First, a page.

On Flexible Citizenship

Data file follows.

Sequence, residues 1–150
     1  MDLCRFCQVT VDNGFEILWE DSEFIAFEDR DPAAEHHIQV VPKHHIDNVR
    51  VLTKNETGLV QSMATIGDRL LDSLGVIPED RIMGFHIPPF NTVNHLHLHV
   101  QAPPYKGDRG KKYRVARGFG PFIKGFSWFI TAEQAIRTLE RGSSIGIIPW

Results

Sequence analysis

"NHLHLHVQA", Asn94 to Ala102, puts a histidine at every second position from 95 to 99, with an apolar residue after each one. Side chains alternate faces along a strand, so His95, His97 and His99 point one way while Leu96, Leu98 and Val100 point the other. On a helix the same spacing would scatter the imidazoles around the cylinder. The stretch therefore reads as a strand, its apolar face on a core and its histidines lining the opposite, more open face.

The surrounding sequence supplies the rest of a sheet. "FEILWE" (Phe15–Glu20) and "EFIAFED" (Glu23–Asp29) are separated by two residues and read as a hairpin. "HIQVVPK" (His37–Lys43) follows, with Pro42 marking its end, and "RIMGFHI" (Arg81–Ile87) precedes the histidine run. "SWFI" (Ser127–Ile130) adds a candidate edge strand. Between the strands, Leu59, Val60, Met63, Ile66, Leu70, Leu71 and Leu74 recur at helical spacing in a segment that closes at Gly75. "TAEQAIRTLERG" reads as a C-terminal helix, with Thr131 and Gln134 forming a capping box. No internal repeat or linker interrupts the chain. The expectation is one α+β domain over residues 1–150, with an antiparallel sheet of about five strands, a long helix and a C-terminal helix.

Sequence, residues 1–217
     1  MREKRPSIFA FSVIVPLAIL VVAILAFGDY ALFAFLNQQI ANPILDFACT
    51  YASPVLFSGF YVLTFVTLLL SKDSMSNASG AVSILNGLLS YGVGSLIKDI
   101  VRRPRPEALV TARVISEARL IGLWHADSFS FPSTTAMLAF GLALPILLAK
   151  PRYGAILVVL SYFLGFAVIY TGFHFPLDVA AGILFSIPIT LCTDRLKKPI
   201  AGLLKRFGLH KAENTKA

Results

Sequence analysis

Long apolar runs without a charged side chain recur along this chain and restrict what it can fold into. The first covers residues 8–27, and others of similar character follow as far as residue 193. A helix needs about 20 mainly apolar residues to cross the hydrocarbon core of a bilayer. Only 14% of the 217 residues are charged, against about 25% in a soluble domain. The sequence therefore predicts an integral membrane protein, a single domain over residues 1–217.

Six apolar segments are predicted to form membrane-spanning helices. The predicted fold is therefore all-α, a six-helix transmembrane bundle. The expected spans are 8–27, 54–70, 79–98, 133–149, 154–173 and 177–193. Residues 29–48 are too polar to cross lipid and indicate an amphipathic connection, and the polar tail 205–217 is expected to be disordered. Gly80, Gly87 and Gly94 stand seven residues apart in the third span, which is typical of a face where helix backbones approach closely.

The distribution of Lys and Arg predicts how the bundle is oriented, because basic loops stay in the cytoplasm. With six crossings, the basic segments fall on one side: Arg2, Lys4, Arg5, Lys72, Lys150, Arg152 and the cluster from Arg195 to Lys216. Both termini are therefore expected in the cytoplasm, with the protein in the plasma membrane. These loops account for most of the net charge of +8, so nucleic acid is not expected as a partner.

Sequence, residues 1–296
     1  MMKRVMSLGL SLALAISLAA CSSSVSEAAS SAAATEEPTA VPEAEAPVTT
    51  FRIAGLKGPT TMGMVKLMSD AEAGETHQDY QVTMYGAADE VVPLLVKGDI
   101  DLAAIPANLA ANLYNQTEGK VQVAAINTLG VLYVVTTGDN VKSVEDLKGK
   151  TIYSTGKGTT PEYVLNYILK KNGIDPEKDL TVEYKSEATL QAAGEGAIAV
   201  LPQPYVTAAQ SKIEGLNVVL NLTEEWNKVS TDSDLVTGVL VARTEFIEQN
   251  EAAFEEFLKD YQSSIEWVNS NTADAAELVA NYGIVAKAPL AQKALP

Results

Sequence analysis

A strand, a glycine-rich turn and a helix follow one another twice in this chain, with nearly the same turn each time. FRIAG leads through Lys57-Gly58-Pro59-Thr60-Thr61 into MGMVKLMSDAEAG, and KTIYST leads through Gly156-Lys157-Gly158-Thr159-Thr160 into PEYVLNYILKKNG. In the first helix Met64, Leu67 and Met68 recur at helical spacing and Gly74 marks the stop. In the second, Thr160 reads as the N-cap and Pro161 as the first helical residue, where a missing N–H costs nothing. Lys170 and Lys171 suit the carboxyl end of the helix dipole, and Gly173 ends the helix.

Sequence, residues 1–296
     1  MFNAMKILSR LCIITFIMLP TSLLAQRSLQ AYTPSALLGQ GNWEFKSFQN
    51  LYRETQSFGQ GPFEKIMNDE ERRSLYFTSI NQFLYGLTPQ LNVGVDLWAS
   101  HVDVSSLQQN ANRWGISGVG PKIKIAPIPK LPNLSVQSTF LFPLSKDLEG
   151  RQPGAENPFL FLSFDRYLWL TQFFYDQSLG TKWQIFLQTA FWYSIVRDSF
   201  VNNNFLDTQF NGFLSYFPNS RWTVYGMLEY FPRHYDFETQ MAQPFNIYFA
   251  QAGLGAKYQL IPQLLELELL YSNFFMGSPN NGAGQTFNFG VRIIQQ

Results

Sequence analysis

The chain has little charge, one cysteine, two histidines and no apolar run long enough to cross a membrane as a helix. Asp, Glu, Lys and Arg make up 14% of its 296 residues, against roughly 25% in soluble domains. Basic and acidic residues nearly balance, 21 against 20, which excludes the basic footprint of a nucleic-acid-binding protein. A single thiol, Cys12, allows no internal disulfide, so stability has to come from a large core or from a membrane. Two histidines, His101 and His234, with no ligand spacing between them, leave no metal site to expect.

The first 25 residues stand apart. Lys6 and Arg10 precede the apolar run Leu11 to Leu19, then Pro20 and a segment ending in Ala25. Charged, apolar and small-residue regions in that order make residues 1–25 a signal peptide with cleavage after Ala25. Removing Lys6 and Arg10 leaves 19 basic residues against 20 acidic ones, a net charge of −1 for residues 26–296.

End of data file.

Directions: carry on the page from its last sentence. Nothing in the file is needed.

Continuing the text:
What positive possibilities could appear for contemporary Europe’s social space from the clash between two conflicting tendencies: the celebration of transnational space on the one hand, and the resurgence of hyper-nationalisms at the regional and local levels on the other? Rosi Braidotti argues that a process of transformation of identities in the sense of “becoming minoritarian” might create such a space and expand our notion of citizenship. Becoming minoritarian is a way of approaching and critiquing power relations that is grounded in notions such as “nomadic identities,” “accountability,” and the “antiracist re-location of whiteness.” It promotes a critical re-grounding of false niversalism into a more situated, local perspective in order to “undo its hegemonic tendencies.” “Flexible citizenship” thus provides an application of post-nationalist and anti-racist identities that is especially relevant within contemporary European debates on citizenship, the inclusion of “others” and multiple belongings. Braidotti discusses how, in opposition to the hegemonic tendencies of “Fortress Europe,” the delinking of nationality and ethnic identity from issues of citizenship–which is the key to the flexible idea of citizens–actualizes the becoming minoritarian of Europe by positively reversing the political, social, and cultural meanings attributed to the notion of foreigners. The first step in this process is the recognition of the need for analysis of and accountability for the reality of today’s multicultural Europe, which must include a balanced assessment of its colonial past and the role that totalitarian ideologies like fascism and communism have played in its history. This is both a challenge and necessity, as paradoxically, the post-nationalist vision of Europe only becomes thinkable at the historical time when European hegemony has ceased to be self-evident.